Author Photo

    In this month's bid protest roundup, Lyle Hedgecock and Michaela Thornton at MoFo discuss recent cases highlighting how the U.S. Government Accountability Office and the U.S. Court of Federal Claims consider supplementation of the record and an agency’s attempt to convert a sealed bid opportunity into a negotiated procurement, as well as an example of precedential drift.

  • Staying Ahead Of The AI Policymaking Curve

    Author Photo

    With artificial intelligence poised to be the hottest legislative and regulatory topic in 2024, expect the AI policymaking toolbox to continue to expand and evolve as stakeholders in the U.S. and abroad develop, deploy, use and learn more about these technologies, say attorneys at Hogan Lovells.

  • Employee Experience Strategy Can Boost Law Firm Success

    Author Photo

    Amid continuing business uncertainty, law firms should consider adopting a holistic employee experience strategy — prioritizing consistency, targeting signature moments and leveraging measurement tools — to maximize productivity and profitability, says Haley Revel at Calibrate Consulting.

  • What Cos. Can Learn From 2023 Export Enforcement Report

    Author Photo

    A January report summarizing key actions and policy changes undertaken at the Office of Export Enforcement in 2023 is a valuable indicator of future government priorities and the factors companies should consider as they conduct export operations amid what may be a turbulent international trading environment in 2024, says Thaddeus McBride at Bass Berry.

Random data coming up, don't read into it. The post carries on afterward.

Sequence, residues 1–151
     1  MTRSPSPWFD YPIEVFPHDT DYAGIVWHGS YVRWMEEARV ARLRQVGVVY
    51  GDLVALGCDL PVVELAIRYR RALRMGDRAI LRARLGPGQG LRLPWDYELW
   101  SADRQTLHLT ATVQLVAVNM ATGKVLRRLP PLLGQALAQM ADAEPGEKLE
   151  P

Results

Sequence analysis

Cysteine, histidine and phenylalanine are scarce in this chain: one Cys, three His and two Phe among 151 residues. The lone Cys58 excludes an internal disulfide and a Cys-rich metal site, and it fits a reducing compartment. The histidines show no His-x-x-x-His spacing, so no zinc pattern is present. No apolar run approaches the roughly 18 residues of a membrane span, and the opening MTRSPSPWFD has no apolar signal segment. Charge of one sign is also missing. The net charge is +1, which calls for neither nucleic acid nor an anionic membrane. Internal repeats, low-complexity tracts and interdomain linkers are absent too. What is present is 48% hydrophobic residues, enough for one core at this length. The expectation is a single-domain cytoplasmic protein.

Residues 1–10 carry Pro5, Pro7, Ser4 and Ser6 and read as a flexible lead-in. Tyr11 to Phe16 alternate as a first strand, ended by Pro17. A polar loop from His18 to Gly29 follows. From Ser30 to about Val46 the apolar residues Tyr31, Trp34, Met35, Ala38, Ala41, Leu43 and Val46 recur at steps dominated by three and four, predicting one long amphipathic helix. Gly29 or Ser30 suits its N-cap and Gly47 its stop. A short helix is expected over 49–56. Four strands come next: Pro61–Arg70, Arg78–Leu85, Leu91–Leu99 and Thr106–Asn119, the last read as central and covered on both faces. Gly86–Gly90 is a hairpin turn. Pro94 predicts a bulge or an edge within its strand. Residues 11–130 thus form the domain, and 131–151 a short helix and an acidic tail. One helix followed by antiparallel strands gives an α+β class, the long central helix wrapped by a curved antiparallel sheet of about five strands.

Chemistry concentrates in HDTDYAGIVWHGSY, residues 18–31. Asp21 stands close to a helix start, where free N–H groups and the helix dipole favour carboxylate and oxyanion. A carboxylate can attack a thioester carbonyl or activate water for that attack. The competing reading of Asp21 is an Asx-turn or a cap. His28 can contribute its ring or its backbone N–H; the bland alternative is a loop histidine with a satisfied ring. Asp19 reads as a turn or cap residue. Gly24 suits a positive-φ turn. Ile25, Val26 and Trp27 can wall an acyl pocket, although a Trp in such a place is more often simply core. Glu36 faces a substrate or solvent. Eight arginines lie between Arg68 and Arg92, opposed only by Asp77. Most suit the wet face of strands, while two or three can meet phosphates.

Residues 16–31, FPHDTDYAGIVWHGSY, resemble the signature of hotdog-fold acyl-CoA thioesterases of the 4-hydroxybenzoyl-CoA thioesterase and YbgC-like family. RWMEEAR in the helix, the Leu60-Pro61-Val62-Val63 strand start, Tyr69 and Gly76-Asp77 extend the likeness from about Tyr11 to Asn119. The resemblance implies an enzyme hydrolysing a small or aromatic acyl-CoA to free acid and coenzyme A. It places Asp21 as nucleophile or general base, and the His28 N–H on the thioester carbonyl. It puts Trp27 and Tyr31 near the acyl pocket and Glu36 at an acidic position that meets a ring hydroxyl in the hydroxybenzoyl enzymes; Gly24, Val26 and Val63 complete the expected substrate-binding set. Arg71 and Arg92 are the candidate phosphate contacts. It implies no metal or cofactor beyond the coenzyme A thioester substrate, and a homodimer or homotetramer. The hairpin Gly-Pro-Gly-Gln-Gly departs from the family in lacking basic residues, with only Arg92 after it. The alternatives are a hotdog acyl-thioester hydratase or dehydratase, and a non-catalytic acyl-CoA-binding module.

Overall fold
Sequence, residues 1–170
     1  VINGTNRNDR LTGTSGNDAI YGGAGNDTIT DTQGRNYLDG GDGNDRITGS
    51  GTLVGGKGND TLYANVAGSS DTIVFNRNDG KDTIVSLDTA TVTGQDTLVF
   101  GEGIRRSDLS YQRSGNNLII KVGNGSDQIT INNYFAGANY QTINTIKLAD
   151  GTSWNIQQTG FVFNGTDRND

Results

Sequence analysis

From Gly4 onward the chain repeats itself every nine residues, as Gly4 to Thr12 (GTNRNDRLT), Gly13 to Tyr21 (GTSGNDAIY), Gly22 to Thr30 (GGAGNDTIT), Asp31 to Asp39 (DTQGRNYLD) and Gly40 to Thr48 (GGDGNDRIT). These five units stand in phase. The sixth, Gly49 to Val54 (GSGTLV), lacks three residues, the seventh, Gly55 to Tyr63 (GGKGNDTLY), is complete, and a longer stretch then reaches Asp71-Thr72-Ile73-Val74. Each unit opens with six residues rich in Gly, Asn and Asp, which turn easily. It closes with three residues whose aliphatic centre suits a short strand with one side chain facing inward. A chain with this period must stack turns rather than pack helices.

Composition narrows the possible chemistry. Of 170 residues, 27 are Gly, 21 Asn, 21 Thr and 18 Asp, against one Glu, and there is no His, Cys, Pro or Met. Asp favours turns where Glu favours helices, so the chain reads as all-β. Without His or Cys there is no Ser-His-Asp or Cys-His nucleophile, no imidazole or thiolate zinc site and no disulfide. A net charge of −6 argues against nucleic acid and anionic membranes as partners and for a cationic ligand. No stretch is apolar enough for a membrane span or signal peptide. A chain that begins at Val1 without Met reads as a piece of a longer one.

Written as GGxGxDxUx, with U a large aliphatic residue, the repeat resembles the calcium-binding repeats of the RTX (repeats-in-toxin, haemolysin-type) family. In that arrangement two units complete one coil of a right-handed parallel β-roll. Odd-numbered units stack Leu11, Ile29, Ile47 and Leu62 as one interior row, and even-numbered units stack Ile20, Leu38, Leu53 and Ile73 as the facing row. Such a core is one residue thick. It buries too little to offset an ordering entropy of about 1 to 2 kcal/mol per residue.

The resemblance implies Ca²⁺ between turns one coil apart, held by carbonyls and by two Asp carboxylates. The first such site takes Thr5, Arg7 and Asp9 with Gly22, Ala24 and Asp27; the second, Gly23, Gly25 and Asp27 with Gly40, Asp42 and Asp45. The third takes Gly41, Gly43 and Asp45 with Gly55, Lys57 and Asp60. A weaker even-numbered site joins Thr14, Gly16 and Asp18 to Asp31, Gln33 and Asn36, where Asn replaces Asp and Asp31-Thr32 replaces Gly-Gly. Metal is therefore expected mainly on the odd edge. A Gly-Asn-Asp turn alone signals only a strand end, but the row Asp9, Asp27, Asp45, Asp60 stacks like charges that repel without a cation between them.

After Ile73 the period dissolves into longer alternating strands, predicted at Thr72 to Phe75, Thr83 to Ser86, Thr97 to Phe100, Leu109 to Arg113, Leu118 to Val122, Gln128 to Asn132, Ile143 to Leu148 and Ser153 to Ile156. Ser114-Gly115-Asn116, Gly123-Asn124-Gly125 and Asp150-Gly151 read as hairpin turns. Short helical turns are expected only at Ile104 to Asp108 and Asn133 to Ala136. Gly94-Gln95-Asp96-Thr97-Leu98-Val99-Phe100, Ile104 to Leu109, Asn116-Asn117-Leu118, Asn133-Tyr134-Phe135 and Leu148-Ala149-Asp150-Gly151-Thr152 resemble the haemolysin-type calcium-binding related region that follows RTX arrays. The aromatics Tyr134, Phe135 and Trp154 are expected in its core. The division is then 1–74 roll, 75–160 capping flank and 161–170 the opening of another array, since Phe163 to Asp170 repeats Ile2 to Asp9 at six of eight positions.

• Series

    Competing In Triathlons Makes Me A Better Lawyer

    Author Photo

    While practicing law and competing in long-distance triathlons can make work and life feel unbalanced at times, participating in the sport has revealed important lessons about versatility, self-care and perseverance that apply to the office as much as they do the racecourse, says Laura Heusel at Butler Snow.

  • DOJ's Biopharma Settlement Raises Anti-Kickback Questions

    Author Photo

    In the aftermath of the U.S. Department of Justice's settlement with Ultragenyx over genetic testing programs, it may be prudent to reevaluate genetic tests through the lens of the Anti-Kickback Statute and reconsider whether it is proper for free testing programs to be treated like patient assistance programs, says Mary Kohler at Kohler Health Law.

  • Where Justices Stand On Chevron Doctrine Post-Argument

    Author Photo

    Following recent oral argument at the U.S. Supreme Court, at least four justices appear to be in favor of overturning the long-standing Chevron deference, and three justices seem ready to uphold it, which means the ultimate decision may rest on Chief Justice John Roberts' vote, say Wayne D'Angelo and Zachary Lee at Kelley Drye.

Want to publish in Law360?


Submit an idea

Have a news tip?


Contact us here
Can't find the article you're looking for? Click here to search the Government Contracts archive.
Hello! I'm Law360's automated support bot.

How can I help you today?

For example, you can type:
  • I forgot my password
  • I took a free trial but didn't get a verification email
  • How do I sign up for a newsletter?
Ask a question!